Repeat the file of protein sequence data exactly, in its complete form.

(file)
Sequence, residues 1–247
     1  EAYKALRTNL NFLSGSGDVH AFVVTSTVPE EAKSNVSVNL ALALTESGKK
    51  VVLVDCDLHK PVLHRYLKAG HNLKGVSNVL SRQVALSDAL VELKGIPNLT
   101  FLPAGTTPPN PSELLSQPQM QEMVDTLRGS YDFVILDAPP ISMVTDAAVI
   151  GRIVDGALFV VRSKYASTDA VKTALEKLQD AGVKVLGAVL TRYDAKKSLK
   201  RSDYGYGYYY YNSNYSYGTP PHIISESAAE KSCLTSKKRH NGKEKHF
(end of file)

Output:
Sequence, residues 1–247
     1  EAYKALRTNL NFLSGSGDVH AFVVTSTVPE EAKSNVSVNL ALALTESGKK
    51  VVLVDCDLHK PVLHRYLKAG HNLKGVSNVL SRQVALSDAL VELKGIPNLT
   101  FLPAGTTPPN PSELLSQPQM QEMVDTLRGS YDFVILDAPP ISMVTDAAVI
   151  GRIVDGALFV VRSKYASTDA VKTALEKLQD AGVKVLGAVL TRYDAKKSLK
   201  RSDYGYGYYY YNSNYSYGTP PHIISESAAE KSCLTSKKRH NGKEKHF